So many things went wrong! And still do on a daily basis. Break downs on the way to a wedding. Getting stuck on dirt roads in the middle of nowhere. Seriously cutting my hand after a 9 hour back to back session in the blistering heat at Laneways Fest. Otis getting 3rd degree burns from a 4kg tub of boiling hot pulled pork (during a 400 pax service). Getting a visit from the council in our first few weeks of operation – because another eatery on Ponsonby Rd tried to shut us down. Hot plate emergencies just before service – with hungry people waiting and no food! You can’t stop things going wrong. It’s out of your control, no matter how organised you are. But you can control how you deal with the problems and fix the issues. We always try and get back to our customers as soon as we can, and make them happy. Running a food truck is hard yacka – and it’s not financially rewarding. But being face to face with your customers and integrating with your community is hugely satisfying. It’s the nucleus of our brand. It validates our foray into the retail world. Two years into the food truck scene, we raised $100K via Kickstarter to launch our #FreshMex Lucky Taco brand. Award winnng hot sauces, chilli salt, Pink Pickle and our two flavours of Taco Kits: Sizzlin’ Steak & Chipotle Chicken. It’s taken a few years of persistence and perseverance – but these products are now stocked at Farro Fresh, Moore Wilsons, Countdown Ponsonby & Greelane, New World Vic Park, Thorndon & Havelock North. Takes time to build a brand.

Do you work a lot? Do you have an obsessive part to your personality?

Yes. I am OCD. Otis makes sure I have my cup of (3 minute brew) tea every morning. Followed by power smoothie and then my Kokako home espresso. I’m pretty wired most of the time. Thank god for Netflix! I’d like more time back to enjoy with friends and family…one day. 

What’s the secret to resilience?  

I’m actually super thin-skinned & cry a lot. People are a lot stronger than they think. I have amazing support from my husband, family & friends. That’s what gets you through the tough times & gives you the strength to carry on. And all our Lucky Taco Lovers! 

What have been some of the highlights of your career?

It’s not all about winning, but when you work super hard, it feels great when it’s recognised. So winning the award for the Lewisham ‘Outstanding street food’ when it was the first time the category was created last year was a buzz. Sharing the front page of the Herald with renown chefs such as Ben Bayley felt pretty spesh. And winning gold at the NYC hot sauce Expo for our Chipotle Hot Sauce. Unfortunately we weren’t in NYC. (Still never been) – but we watched live on YouTube and screamed and danced in our living room. More than anything – just receiving a nice note or gratitude from our customers – they’re the biggest highlights.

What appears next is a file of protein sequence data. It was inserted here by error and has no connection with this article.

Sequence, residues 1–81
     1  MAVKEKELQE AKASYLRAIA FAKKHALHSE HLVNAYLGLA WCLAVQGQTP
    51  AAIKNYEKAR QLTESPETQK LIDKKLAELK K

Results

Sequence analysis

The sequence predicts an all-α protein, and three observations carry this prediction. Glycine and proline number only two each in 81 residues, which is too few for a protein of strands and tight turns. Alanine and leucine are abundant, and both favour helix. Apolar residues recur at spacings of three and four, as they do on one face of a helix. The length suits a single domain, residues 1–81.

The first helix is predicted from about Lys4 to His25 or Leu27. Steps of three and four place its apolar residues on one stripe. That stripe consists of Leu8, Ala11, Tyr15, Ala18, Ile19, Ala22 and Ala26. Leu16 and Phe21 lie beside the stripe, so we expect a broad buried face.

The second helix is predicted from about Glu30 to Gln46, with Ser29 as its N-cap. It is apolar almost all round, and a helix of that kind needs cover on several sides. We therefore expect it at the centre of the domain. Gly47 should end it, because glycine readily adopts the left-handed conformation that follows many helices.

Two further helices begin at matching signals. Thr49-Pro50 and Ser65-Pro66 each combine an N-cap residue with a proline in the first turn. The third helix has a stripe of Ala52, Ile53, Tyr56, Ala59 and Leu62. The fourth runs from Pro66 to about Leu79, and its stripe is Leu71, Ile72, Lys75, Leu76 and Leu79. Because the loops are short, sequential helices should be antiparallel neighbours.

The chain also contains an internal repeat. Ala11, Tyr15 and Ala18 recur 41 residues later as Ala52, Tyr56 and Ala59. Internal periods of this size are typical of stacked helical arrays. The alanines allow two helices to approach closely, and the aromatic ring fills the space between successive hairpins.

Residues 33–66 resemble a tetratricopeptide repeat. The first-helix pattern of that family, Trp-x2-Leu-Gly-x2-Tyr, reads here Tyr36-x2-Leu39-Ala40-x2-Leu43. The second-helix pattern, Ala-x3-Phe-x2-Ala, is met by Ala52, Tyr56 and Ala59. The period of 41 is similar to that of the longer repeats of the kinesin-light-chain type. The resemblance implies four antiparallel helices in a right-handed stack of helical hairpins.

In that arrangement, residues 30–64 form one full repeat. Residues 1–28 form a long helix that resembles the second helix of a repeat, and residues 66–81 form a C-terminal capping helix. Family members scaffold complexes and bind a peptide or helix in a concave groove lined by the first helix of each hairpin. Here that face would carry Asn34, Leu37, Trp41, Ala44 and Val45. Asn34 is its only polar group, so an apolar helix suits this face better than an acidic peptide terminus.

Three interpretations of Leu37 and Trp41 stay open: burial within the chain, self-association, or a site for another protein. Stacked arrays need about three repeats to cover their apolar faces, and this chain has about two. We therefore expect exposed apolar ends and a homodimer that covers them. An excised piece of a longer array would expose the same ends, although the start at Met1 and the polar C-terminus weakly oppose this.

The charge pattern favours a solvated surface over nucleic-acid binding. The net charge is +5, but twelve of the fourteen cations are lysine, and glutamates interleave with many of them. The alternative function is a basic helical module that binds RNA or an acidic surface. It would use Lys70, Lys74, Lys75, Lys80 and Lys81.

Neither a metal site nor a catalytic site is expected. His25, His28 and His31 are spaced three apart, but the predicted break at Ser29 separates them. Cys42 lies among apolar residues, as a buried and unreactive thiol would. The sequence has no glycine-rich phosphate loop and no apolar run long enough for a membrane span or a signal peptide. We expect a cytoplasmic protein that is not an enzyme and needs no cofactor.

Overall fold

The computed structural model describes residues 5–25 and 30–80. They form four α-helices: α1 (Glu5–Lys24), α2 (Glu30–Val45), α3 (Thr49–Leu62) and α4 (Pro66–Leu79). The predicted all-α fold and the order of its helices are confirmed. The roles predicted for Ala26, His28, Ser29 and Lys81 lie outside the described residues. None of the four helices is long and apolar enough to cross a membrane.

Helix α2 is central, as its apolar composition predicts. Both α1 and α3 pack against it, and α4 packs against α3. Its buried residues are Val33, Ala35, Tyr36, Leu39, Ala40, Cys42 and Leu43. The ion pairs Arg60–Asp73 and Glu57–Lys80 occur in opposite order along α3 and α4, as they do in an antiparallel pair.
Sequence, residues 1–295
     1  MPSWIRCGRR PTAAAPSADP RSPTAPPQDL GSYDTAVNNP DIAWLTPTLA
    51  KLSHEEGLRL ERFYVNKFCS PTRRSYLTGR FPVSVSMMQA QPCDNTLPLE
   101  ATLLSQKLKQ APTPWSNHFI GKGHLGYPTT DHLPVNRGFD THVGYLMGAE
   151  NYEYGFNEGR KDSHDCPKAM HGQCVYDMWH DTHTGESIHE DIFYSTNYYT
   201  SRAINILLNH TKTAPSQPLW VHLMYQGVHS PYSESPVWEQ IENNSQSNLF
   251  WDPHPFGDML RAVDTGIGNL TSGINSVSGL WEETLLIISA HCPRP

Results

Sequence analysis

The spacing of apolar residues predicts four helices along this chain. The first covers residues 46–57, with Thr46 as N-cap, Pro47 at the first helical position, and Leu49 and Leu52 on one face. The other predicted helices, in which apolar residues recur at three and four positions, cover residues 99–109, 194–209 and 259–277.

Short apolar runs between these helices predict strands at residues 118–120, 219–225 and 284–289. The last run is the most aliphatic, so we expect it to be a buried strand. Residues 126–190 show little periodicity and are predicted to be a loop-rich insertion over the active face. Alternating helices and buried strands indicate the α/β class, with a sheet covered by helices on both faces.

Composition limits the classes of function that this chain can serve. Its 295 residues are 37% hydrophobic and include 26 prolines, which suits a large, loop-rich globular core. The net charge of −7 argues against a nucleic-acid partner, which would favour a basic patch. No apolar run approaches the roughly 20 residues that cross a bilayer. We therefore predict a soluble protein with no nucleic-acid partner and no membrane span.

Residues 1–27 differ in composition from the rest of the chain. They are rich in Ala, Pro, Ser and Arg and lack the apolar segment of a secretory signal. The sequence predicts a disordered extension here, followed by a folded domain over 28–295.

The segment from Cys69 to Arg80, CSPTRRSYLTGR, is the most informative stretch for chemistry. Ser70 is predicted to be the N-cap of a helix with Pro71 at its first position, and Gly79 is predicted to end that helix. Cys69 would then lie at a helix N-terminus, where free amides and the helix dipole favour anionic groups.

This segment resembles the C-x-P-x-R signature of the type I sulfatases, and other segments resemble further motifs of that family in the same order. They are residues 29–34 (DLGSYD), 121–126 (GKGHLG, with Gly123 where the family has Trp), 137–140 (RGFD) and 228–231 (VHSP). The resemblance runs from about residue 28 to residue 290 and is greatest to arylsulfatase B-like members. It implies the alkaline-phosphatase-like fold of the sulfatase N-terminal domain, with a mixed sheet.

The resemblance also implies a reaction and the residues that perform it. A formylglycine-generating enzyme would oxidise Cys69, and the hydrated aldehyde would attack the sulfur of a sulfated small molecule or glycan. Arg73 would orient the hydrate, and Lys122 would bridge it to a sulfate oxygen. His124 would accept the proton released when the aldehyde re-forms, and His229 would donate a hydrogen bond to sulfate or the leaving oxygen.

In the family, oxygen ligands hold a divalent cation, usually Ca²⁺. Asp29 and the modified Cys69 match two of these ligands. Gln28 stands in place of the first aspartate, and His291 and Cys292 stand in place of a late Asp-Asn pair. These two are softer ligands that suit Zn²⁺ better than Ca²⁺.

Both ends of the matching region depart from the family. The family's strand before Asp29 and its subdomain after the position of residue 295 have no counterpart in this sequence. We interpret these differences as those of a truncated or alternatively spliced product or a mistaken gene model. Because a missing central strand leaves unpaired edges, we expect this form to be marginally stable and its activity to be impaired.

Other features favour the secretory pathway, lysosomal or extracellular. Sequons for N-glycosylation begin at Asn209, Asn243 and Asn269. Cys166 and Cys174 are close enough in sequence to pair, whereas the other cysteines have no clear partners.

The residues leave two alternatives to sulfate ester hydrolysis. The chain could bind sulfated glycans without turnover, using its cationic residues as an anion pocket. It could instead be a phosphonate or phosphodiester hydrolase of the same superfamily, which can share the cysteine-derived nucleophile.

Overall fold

What do you think New Zealand is like for creativity? Is there something about ‘Kiwiness’ that helps or hinders?

Everything’s possible in NZ.

What would be the advice you’d give someone who wants to turn their creative passion into a full-time gig?

Peter Gordon told me before we started The Lucky Taco that if you make food your business – just be careful it doesn’t take the romanticism out of it for you. I totally know what he means by that now. But I still love to cook. It is my escapism. And how my creative juices flow. But sometimes, you’re just too buggered to be bothered after cooking for hundreds of people. If you do what you love – just hope it all falls into place. And don’t let too many people in. Stay the path.

What have been the biggest lessons you’ve learned?

As just mentioned above. Stay the path. We fell into the trap of being glamoured into a direction that didn’t work. It never felt right in my gut. And it didn’t work. We’re picking up the pieces of this failed venture currently. So yeah…you gotta take risks, but make sure you only let the right ones in. Would you sit and have a beer with them? That’s the litmus test right there. If people invest in you/your business – you’re stuck with them and they want returns.

Where to next? Do you have a goal you’re working towards?

I am always thinking about the ‘next thing’/creation/recipe/idea – but since we’ve just taken a considerable knock with the Lucky Street meal subscription model (and shut it down), we’re just picking up the pieces from that and stabilising ourselves with 150 percent total alignment with The Lucky Taco and working our butts off until the end of the year. Then we’re going to lie down for a week and think about our goals for 2018 over a margarita or two.